CITC: WhatsApp to be blocked before Ramadan

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Updated 14 June 2013
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CITC: WhatsApp to be blocked before Ramadan

The Communications and Information Technology Commission (CITC) has announced that it will block WhatsApp before Ramadan if the US-based instant free-messaging application does not comply with the requirements set by the Kingdom’s telecom regulator.
Arab News’ sister publication Al-Eqtisadiah had reported earlier that representatives of WhatsApp have refused to accept the regulatory conditions issued by the CITC.
“We have been communicating with WhatsApp and other similar communication platforms to get them to cooperate and comply with the Saudi telecom providers, however nothing has come of this communication yet,” Abdullah Al-Darrab, governor of the CITC, told Arab News in a telephone interview.
Al-Dabban added that Viber was blocked last week for its noncompliance, while WhatsApp and Skype are next on the list, warning: “We will take punitive action against these applications and services if they do not comply with the regulations.”
Asked when WhatsApp services would be blocked, the CITC chief replied: “It is highly likely before Ramadan.”
Al-Darrab said the CITC has requested communication platforms that provide services via the Internet to establish a local server to enable the Kingdom’s telecom regulator to monitor user activity.
“We gave them a week to comply and have been communicating with them since March to no avail. Therefore, this has left us with no choice but to block these services, beginning with Viber,” he said.
Founder and CEO of Viber, Talmon Marco, has reportedly said that Viber is currently working on overcoming the block.
Nonetheless, residents in the Kingdom have said that news of blocking Viber and threats to sever other applications are unacceptable and threaten the Kingdom’s advancement in global technology and modernization.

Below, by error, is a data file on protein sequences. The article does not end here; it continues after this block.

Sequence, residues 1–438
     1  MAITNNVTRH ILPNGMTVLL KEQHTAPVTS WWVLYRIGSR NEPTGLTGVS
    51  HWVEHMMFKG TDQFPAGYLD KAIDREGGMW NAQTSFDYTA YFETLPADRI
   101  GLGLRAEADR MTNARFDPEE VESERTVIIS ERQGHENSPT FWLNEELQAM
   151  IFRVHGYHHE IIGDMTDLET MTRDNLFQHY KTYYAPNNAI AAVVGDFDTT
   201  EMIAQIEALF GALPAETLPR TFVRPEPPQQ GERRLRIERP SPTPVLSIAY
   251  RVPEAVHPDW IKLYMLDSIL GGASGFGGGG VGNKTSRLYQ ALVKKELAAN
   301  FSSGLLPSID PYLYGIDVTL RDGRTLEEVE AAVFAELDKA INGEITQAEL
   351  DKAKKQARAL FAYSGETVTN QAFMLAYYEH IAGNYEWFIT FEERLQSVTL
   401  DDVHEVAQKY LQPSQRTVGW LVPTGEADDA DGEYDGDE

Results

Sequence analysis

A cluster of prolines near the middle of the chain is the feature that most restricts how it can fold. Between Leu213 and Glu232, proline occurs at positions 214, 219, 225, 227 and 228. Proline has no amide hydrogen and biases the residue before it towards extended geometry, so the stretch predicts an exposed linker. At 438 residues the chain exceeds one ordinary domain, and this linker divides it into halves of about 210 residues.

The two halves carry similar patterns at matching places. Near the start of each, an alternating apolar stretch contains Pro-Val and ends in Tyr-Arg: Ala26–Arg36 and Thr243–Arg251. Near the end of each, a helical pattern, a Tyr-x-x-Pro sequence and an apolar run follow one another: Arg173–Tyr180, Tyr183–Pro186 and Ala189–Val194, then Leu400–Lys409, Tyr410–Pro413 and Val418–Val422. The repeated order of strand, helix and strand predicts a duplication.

“I understand that they want to be able to monitor all types of communications, but the CITC must realize that they can’t just cut Saudi residents off from the rest of the world by blocking new services,” Nourah Farida, a Saudi businesswoman, told Arab News. “This is because Viber, Skype and WhatsApp are used for personal and business communication.”
Farida concluded that she usually conducts weekly coanference calls via Skype with colleagues in the UAE and other countries and that blocking these services is expected to incur heavy costs on local businesses.
“How are we supposed to communicate globally, are we expected to go back to using text messages and e-mails?” she asked.
In 2010, the CITC threatened to ban BlackBerry’s instant messaging service, requesting that a local server be established to monitor activity. Eventually, the ban was lifted after BlackBerry’s creator, Canada-based Research in Motion (RIM), complied with the regulatory requirements.                                  


Saudi air defense forces intercept Houthi ballistic missile heading targeting Jazan

This is not the first incident where the Houthis have targeted civilian areas in Saudi Arabia, last week the air defense forces intercepted another missile aiming at Jazan. (Reuters)
Updated 19 min 23 sec ago
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Saudi air defense forces intercept Houthi ballistic missile heading targeting Jazan

  • Saudi Arabia’s air defense forces intercepted a ballistic missile launched by the Iran-backed Houthi militia targeting Jazan early Monday morning
  • This is not the first incident where the Houthis have targeted civilian areas in Saudi Arabia

DUBAI: Saudi Arabia’s air defense forces intercepted a ballistic missile launched by the Iran-backed Houthi militia targeting Jazan early Monday morning, Saudi state-news agency SPA reported.
The Arab coalition’s spokesperson, Col. Turki Al-Maliki, said no civilians were reported injured by the rocket fragments scattered across residential areas.
This is not the first incident where the Houthis have targeted civilian areas in Saudi Arabia, last week the air defense forces intercepted another missile aiming at Jazan
“Such hostile and random acts carried out by the Houthi militia prove the continued involvement of the Iranian regime in the Yemeni war,” Al-Maliki said at the time.
“Iran has been, and still is, supporting the armed militia by providing them with qualitative capabilities. This support comes as a clear and explicit defiance of UN Resolutions 2216 and 2231 in order to threaten the Kingdom and regional and global security,” he added.